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Trial record 1 of 1 for:    NCT03761576
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The Role of Cognitive Function and Electroencephalography on Acute and Chronic Pain After Thoracic Surgery

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ClinicalTrials.gov Identifier: NCT03761576
Recruitment Status : Unknown
Verified December 2018 by Yi Feng, MD, Peking University People's Hospital.
Recruitment status was:  Recruiting
First Posted : December 3, 2018
Last Update Posted : December 11, 2018
Sponsor:
Information provided by (Responsible Party):
Yi Feng, MD, Peking University People's Hospital

Brief Summary:
The project will apply the methods of clinical observation experiment, (1) to collect the cognitive function data preoperatively and early postoperatively, as well as the pain score data at multiple time points pre- and postoperatively, and to observe the role of the degree of recovery of early postoperative cognitive function on acute pain and chronic pain after thoracic surgery. (2) to collect the resting-state electroencephalography (EEG) preoperatively, and to assess the role of EEG index system on the prediction of the degree of recovery of early postoperative cognitive function as well as the acute pain and chronic pain after thoracic surgery.

Condition or disease
Acute Pain Chronic Pain Thoracic Surgery Electroencephalography Brain Mechanism

Detailed Description:
Patients after thoracic surgery are liable to suffer from moderate to severe acute pain and refractory chronic pain, which would lead to serious somatic and psychological suffering. Its successful treatment is a great challenge for pain physicians. To date, the mechanism of pain chronification after thoracic surgery remains unclear. Further, it is still lack of efficient preventive and therapeutic measures for this chronic pain. The project will apply the methods of clinical observation and animal experiment, (1) to collect the cognitive function data preoperatively and early postoperatively, as well as the pain score data at multiple time points pre- and postoperatively, and to observe the role of the degree of recovery of early postoperative cognitive function on acute pain and chronic pain after thoracic surgery. (2) to collect the resting-state electroencephalography (EEG) preoperatively, and to assess the role of EEG index system on the prediction of the degree of recovery of early postoperative cognitive function as well as the acute pain and chronic pain after thoracic surgery. The project will be able to determine the relationships between the degree of recovery of early postoperative cognitive function, as well as preoperative resting-state EEG indices and postoperative acute pain and chronic pain, and clarify the neural mechanism of acute pain and chronic pain after thoracic surgery. The expected outcomes of this study can contribute to early identification of the patients who are liable to develop into acute pain and chronic pain after thoracic surgery, and give them reasonable intervention in time, and provide effective solutions for the acute pain and chronic pain after thoracic surgery.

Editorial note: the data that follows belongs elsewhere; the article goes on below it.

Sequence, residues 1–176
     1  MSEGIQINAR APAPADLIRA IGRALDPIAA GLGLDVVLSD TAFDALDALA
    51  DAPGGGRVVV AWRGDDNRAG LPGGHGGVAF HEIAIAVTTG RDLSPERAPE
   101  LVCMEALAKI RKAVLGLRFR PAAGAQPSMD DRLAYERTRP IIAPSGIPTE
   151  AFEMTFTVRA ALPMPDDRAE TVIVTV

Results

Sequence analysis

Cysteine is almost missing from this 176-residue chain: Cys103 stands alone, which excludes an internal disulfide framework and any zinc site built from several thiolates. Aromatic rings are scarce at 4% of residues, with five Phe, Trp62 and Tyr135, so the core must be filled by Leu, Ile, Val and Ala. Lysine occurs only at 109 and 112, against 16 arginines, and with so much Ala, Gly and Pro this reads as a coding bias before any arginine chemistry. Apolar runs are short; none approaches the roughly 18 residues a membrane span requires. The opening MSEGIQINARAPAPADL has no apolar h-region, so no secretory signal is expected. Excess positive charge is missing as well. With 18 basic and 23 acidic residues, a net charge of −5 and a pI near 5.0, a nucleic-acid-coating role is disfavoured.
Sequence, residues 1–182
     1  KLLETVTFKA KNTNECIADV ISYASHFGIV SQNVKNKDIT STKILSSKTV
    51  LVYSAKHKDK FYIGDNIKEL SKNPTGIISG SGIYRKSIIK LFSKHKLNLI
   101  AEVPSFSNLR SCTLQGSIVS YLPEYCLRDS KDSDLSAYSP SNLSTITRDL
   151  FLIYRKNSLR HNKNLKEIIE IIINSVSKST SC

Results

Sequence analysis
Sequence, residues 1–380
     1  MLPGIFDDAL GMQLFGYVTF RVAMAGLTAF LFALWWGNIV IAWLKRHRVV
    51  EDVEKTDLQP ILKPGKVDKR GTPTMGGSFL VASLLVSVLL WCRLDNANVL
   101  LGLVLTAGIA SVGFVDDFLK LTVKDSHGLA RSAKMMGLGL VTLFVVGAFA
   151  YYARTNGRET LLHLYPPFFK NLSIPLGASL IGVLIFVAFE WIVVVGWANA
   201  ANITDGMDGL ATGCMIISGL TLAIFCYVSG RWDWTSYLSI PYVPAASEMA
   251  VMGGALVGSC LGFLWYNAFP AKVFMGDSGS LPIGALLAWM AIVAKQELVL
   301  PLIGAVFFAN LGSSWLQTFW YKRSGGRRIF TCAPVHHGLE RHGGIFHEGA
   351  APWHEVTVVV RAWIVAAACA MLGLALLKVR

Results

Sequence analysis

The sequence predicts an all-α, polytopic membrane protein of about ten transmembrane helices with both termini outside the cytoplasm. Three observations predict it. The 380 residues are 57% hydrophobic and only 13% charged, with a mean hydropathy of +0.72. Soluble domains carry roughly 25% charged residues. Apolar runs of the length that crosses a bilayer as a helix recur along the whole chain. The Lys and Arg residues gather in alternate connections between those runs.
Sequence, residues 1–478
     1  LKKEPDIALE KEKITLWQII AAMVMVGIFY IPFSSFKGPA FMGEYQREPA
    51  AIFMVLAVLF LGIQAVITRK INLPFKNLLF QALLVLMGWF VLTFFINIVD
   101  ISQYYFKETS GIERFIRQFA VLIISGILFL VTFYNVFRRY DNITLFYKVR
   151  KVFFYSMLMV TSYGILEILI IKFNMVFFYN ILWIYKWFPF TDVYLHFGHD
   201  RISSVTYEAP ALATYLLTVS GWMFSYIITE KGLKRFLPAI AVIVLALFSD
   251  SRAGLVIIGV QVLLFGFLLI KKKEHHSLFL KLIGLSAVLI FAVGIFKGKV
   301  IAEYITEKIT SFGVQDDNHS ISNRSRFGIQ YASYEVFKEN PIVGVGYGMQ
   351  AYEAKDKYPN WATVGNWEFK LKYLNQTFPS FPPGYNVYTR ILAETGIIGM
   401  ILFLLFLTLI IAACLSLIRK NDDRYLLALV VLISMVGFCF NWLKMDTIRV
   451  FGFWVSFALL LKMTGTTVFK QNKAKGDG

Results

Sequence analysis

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Study Type : Observational